Don’t Settle for an Immature Faith
The Lord calls us to have a childlike faith, but not a simplistic or ignorant faith. In this brief clip, R.C. Sproul shows how theologians such as Augustine and Anselm have underscored the importance of continually growing in our knowledge of God.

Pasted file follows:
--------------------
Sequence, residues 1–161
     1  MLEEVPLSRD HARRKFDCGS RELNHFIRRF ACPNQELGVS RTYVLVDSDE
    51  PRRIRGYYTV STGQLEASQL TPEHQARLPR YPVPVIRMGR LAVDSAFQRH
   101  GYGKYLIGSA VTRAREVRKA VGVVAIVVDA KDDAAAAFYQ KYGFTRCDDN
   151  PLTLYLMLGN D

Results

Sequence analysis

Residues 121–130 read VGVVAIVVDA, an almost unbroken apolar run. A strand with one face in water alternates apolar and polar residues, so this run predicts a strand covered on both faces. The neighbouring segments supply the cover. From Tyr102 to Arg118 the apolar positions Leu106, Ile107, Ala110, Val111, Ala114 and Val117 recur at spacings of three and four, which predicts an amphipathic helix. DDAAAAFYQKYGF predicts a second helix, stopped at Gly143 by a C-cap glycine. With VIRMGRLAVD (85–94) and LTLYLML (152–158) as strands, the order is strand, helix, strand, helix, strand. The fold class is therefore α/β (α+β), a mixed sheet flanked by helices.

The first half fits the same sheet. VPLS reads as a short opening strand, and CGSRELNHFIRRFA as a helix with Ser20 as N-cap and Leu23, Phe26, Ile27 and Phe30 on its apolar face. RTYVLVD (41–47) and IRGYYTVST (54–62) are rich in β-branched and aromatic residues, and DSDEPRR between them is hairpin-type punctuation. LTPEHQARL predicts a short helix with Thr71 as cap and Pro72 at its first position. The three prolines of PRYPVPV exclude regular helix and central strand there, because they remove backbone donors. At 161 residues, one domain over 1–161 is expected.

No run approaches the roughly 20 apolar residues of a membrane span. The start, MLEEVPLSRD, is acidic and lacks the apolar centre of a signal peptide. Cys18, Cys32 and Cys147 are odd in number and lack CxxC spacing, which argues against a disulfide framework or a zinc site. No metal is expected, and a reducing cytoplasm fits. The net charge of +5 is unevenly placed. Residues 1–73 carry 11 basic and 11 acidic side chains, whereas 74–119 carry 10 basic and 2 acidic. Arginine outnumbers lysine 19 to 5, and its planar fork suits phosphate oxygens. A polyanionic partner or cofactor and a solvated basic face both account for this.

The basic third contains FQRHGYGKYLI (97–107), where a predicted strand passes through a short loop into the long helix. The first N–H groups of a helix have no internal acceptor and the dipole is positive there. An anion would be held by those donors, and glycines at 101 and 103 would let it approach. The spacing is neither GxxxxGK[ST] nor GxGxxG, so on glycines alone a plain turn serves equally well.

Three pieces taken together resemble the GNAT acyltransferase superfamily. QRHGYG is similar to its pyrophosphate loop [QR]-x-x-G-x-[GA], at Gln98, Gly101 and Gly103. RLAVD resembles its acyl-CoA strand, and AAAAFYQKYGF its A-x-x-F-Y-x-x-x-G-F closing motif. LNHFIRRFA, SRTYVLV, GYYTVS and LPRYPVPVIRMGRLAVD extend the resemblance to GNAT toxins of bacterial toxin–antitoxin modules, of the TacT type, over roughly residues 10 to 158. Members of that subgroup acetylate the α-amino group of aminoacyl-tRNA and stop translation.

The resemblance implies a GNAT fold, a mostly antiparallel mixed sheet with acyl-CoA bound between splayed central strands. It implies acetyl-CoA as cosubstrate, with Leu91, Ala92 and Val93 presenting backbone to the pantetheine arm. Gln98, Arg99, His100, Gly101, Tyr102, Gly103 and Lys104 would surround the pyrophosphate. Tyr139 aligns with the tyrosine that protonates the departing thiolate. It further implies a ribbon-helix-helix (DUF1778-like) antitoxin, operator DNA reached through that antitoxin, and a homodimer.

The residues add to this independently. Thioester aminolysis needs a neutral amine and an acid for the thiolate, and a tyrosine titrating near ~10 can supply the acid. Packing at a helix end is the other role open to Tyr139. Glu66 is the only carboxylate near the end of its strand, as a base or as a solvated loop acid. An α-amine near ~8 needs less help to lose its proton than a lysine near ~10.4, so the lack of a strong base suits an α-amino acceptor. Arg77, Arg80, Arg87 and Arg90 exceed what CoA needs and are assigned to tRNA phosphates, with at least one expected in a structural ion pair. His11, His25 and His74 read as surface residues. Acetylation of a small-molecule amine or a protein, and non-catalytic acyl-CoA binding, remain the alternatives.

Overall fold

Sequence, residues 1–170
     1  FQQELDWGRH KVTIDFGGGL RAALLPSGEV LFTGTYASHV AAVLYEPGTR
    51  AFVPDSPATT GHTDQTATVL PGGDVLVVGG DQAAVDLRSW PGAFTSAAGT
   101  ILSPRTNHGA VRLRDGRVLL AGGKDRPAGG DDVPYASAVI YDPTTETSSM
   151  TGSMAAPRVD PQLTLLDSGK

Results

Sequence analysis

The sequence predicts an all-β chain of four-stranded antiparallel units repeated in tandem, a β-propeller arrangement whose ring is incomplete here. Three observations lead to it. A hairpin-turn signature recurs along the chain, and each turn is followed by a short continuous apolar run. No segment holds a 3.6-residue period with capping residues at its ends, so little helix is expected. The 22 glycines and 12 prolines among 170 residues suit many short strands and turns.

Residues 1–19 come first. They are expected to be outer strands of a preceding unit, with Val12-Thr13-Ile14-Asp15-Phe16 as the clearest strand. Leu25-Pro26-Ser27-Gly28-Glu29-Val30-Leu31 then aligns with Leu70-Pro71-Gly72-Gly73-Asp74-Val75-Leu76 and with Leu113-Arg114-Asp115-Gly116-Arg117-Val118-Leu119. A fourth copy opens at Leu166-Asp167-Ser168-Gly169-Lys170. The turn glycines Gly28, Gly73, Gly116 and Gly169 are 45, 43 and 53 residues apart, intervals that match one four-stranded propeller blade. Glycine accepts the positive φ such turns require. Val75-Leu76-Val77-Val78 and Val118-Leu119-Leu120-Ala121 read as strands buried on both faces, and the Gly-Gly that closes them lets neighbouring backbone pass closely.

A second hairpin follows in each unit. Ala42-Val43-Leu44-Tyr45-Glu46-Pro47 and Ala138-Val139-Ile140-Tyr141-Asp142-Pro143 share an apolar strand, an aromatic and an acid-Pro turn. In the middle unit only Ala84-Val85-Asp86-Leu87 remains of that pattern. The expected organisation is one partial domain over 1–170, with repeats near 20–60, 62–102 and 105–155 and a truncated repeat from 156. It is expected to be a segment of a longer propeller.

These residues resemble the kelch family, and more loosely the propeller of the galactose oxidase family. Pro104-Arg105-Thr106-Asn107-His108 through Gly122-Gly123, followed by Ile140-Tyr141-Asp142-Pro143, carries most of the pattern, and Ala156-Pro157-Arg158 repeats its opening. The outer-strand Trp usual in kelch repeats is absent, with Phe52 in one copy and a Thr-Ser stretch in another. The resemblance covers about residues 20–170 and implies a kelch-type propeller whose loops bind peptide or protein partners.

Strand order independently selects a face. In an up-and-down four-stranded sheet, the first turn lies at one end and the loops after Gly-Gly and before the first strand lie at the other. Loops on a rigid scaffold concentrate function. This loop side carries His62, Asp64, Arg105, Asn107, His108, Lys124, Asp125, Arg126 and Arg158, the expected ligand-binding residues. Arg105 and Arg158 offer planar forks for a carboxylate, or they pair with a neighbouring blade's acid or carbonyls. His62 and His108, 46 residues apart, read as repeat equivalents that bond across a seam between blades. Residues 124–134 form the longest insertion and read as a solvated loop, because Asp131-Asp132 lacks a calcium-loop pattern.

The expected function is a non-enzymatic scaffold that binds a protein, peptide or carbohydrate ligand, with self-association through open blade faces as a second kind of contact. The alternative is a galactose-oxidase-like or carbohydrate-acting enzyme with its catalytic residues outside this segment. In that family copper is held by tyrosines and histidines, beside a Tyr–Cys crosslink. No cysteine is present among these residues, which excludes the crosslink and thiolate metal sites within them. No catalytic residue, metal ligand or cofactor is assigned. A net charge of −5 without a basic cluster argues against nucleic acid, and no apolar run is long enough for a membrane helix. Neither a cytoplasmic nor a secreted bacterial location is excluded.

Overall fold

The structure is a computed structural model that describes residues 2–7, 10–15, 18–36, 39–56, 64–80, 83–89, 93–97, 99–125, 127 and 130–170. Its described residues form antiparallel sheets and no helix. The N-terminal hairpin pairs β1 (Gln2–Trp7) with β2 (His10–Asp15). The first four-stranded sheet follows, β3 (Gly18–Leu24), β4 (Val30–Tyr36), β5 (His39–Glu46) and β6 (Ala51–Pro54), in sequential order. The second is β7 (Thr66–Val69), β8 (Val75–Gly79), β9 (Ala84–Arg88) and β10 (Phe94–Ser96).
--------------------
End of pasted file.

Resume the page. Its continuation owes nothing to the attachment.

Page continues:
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Now, neither Augustine nor Anselm was ever satisfied with a blind faith, which they considered to be a form of credulity that was not in any way virtuous. But rather, though both subscribed to the idea that, in the final analysis, God is incomprehensible—namely that we cannot contain in our finite minds or our finite intellect a total comprehensive understanding of God—nevertheless, the God who is has revealed Himself to us with sufficient clarity, and particularly in the sacred Scriptures, to such a degree that we can at least have an apprehensive knowledge of Him. And those who put their trust in God and their faith in God and the things of God should never be satisfied with a childish, immature understanding of God. Now, I mention that because we live again in a time that is one of the most anti-intellectual periods in Western Christianity. That is, we are anti-mind, and it has become a virtue among Christians to embrace what is called a “childlike faith.” Now, of course, there is a point for a childlike faith insofar as a small child puts implicit trust in one who knows more than the child does—namely, the parent, while they are very young, at least. It doesn’t last too long, of course. What we as the children of God should have is an implicit trust in our heavenly father, just as a young child has that kind of implicit trust in their earthly parents. But this concept of a childlike faith has come to mean to many people today what I would call (and what Anselm would call and what Augustine would call) a childish faith. The childish faith says, “I don’t want to have to think about the content of my faith; that’s a destructive thing that scholars get into. I’m just going to keep it as simple as I possibly can and not be engaged in any serious study of theology or the Word of God or anything else. I’m just going to keep it simple.” Now, at that point, when we take that position, we sin. It’s so far from being a virtue. It is a vice according to the New Testament, because the New Testament commands that we are to be babes in evil, childlike in our sin—but in understanding, we are to be men; that is, we are to be adults. And as the author of Hebrews labors, it is a sin to be satisfied with the milk, and we are commanded as we seek maturity in Christ to the diet of the meatier things of the faith. Now, this is the kind of thing that both Augustine and Anselm were jealous to communicate: that the content that God has revealed in His Scripture is content that was designed to be understood by His people, and we must seek to gain as much understanding as we possibly can of that which God has provided for us.